Cuba’s Skyline Trail

Cuba's Skyline Trail is a well kept secret within its cycling community and the coast to coast views on a clear day certainly help you to understand why. Follow the Pinar del Rio road west of Havana and you'll find a rollercoaster ridge line ride across the Sierra del Rosario mountains that separates Las Terrazas nature reserve from the tobacco fields of Vinales Valley. But if you go way back to before the arrival of the Spanish conquistadors you'll have been lucky to see anything other than trees.

When Christopher Columbus first stepped foot on Cuban soil in 1492, practically the whole island was covered in palm, oak, fig and cedar trees. By the time Castro came to power, at the start of the 1960s, there was a mere 11 percent of native forest cover remaining.

Cuba's indigenous Guanahatabey people lived in the west of the island as hunter gatherers. To the east were the Taino people who were native to the Caribbean, but migrants to Cuba. The Taino were small scale farmers that used the land to cultivate cassava, cotton, tobacco and sweet potatoes.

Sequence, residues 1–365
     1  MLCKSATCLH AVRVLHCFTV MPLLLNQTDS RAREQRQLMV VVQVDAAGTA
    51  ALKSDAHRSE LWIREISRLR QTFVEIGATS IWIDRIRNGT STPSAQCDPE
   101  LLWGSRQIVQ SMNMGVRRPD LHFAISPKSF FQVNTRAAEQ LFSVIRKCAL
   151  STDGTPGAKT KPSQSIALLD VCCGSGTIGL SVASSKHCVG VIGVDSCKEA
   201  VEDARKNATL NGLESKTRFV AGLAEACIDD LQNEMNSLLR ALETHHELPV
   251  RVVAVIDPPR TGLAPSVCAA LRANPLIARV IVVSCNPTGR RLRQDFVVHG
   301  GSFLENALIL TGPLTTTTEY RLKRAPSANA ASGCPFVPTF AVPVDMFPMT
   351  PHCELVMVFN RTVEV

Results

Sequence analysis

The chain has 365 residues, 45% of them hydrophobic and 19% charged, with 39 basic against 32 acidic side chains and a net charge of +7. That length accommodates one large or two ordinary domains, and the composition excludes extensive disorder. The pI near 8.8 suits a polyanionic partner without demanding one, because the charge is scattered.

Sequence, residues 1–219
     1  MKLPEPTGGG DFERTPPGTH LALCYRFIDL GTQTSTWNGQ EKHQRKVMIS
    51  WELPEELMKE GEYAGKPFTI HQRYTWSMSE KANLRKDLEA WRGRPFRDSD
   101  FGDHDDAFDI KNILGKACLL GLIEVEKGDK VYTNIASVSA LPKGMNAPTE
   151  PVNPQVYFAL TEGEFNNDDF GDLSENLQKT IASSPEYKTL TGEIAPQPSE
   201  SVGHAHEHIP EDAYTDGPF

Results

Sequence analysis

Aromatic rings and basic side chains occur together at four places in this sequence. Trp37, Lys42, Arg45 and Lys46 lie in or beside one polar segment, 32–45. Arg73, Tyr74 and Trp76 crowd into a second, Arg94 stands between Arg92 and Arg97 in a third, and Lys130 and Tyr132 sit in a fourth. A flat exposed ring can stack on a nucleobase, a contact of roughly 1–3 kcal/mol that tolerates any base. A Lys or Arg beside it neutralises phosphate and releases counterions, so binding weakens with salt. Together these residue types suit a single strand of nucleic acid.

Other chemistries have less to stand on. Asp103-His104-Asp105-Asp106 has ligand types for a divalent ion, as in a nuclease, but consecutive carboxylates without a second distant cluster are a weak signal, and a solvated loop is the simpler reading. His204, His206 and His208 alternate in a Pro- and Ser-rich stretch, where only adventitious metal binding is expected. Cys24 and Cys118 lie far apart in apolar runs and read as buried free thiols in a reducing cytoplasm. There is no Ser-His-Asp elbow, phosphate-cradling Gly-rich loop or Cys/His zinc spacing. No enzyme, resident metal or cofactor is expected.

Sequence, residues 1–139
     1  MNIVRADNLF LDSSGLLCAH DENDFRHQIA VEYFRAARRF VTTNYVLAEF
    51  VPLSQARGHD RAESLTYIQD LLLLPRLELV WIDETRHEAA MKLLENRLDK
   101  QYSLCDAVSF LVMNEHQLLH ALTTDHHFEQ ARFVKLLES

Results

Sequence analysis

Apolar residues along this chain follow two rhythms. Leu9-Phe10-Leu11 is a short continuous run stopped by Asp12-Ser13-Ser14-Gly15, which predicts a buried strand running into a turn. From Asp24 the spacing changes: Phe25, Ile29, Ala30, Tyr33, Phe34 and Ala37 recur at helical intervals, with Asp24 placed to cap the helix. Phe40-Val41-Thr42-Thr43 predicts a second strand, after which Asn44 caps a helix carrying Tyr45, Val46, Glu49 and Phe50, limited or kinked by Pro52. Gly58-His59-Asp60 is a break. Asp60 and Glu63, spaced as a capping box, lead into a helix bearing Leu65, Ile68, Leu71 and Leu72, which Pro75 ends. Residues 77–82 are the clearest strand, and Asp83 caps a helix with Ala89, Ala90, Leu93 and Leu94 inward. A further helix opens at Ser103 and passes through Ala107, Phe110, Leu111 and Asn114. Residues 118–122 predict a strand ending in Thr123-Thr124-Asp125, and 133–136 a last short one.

The arrival of Columbus and the Spanish conquistadors would see sustainable crops replaced by vast cotton, coffee and sugar cane plantations. Huge swathes of forest were also cleared for wood, transport, and cattle rearing. Sugar, especially, would become the island's dominant cash crop.
It wouldn't be until Castro's intervention that Cuba's reforestation revolution would begin to turn the tide and see the island, especially in the west, starting to return to its original state. Locations like Las Terrazas, situated in the Sierra del Rosario Mountains, just 75km west of Havana, would become synonymous with self sufficiency and better living standards for the island's poorest people.
Leaving Las Terrazas, it’s a 20km ride into the mountains and a steep 2km climb onto the skyline ridge road. But once you’ve achieved this challenging ascent – oh boy, what treats await. On a clear day you can see both sides of the island, north and south coasts, and the undulating ridge road leaves little to the imagination. Take your time to take it all in before cycling down the mountain to rejoin the Pinar del Rio road en route to the tobacco farms and karst landscapes of Vinales Valley.
During the 1980s, more than eight million trees – cedar, teak, mahogany and hibiscus – were planted at Las Terrazas and have since attracted hundreds of tropical plants and birds. Orchards of grapefruit, mandarins, avocados and papayas were also planted to provide produce for the self contained communities living within the terraced hillsides and around the shores of San Juan Lake.